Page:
Australia’s defence dilemma: projecting force or provoking China?

The shipyard in Osborne, a suburb 20km north of Adelaide in the St Vincent’s Gulf of South Australia, feels far removed from the simmering geopolitical conflict between the US and China.

The freshly built, modern facility has the air of a Hollywood set with enormous sheds connected via narrow roads. Golf cart-like vehicles ferry equipment and people between locations. A small strip of marshland, intended as a bit of greenery for the workers, is the only reminder of what used to be.

Now the Osborne precinct is the symbolic heart of Australia’s burgeoning military industry at a time when the country seeks to claim a seat at the “big table” of global affairs.

This was made clear in a speech this week by Richard Marles, Australia’s defence minister, who said that competition between China and the US in the Indo-Pacific is driving the biggest military build-up anywhere in the world over the past 70 years.

Australia, he went on to say, has found itself in a more “relevant” role than ever before.

But the country has a difficult line to tread. As it strengthens military ties with European and American allies, Canberra is also seeking to cool tensions with Beijing while refusing to buckle in its trade and security disputes with China.

And when prime minister Anthony Albanese met with China’s leader Xi Jinping this week on the sidelines of the G20 in Bali — the first bilateral meeting between the two countries since 2016 — it was a hint of a potential thawing of relations.

Nonetheless, Russia’s invasion of Ukraine and tensions over China’s ambitions towards Taiwan, which it considers part of its territory, has led to the Labor government persevering with the previous administration’s hard-nosed approach to national security.

Australian Prime Minister Anthony Albanese, left, meets Chinese President Xi Jinping on the sidelines of the G-20 summit in Nusa Dua, Bali
Australian prime minister Anthony Albanese, left, meets Chinese president Xi Jinping at the G20 summit in Bali this week © Mick Tsikas/AP

At the centre of that strategy is the “Aukus” agreement Australia signed with the US and the UK in 2021. Its purpose is to deliver nuclear-powered submarines and advanced missile development.

It means that some 60 years after Australia first explored whether it would be able to source nuclear-powered submarines — a US technology only shared with the UK — Canberra’s role in the Indo-Pacific has been given a significant upgrade.

Half of the world’s submarines are expected to be operating in the Indo-Pacific by next decade, according to the Royal Australian Navy.

The Australian government’s switch from less powerful diesel French submarines to more sophisticated US or UK-designed vessels was hailed as a sign that a wide-ranging, long-awaited upgrade of its defence capabilities was coming to fruition.

The move, however, triggered a diplomatic crisis with the French and antagonised the Chinese, who called Aukus an “extremely irresponsible” pact that would undermine regional security.

When Australia in May elected a centre-left Labor government for the first time in almost a decade, it led to uncertainty over whether the country would change tack, particularly when the costs and challenges of building nuclear-powered submarines at Osborne were laid bare.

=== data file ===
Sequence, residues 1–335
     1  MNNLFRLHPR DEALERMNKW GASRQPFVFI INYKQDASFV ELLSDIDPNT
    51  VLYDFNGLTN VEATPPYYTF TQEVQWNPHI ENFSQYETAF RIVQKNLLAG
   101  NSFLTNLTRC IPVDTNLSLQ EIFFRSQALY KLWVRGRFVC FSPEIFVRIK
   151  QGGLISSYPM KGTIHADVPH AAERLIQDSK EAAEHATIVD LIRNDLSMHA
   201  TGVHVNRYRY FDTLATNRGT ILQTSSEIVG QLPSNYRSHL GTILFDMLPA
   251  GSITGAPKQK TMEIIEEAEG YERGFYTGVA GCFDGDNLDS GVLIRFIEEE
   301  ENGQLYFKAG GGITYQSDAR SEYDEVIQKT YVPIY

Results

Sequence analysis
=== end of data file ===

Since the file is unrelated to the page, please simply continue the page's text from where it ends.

Marles, who believes Australia needs to be more responsible over how critical projects are managed, immediately kicked off a wide-ranging exploration of the nation’s security challenges, the Defence Strategic Review, that he says will “underpin defence policy for decades to come”.

Marles has pointed to 18 contracts, which combined are running A$6.5bn ($4.4bn) over budget, and 28 projects that are cumulatively 97 years late.

Charles Edel, an Australia expert at the CSIS think-tank, says: “There have been so many defence initiatives introduced over the past year that it can be hard to distinguish which have real resources behind them, and which look more like monopoly money. The Defence Strategic Review, if it’s done right, should provide an initial answer to that question.”

But the review is not a cost-cutting exercise; Marles has pledged to increase the defence budget while setting out a more pointed endgame.

The review is designed to ensure Australia becomes a more active player in the alliances it has formed, including Aukus and with other regional players such as Japan and India.

“We must adapt to the world as it is, not as we would wish it to be,” Marles told the Sydney Institute, a privately funded non-profit forum, this week. “A world where post-cold war optimism has been replaced by the reality of renewed major-power competition. A competition in which Australia is more relevant now than at any time in our history.”

‘Preserve peace, prepare for war’

The Aukus deal was originally signed against the backdrop of rising tension not only between the US and China but also between China and Australia.

A trade dispute arose after punitive tariffs were applied to a number of Australian goods including wine, coal and lobsters. Then a series of military incidents between the two countries in the South China Sea and off the Australian coastline further tested the once strong relationship.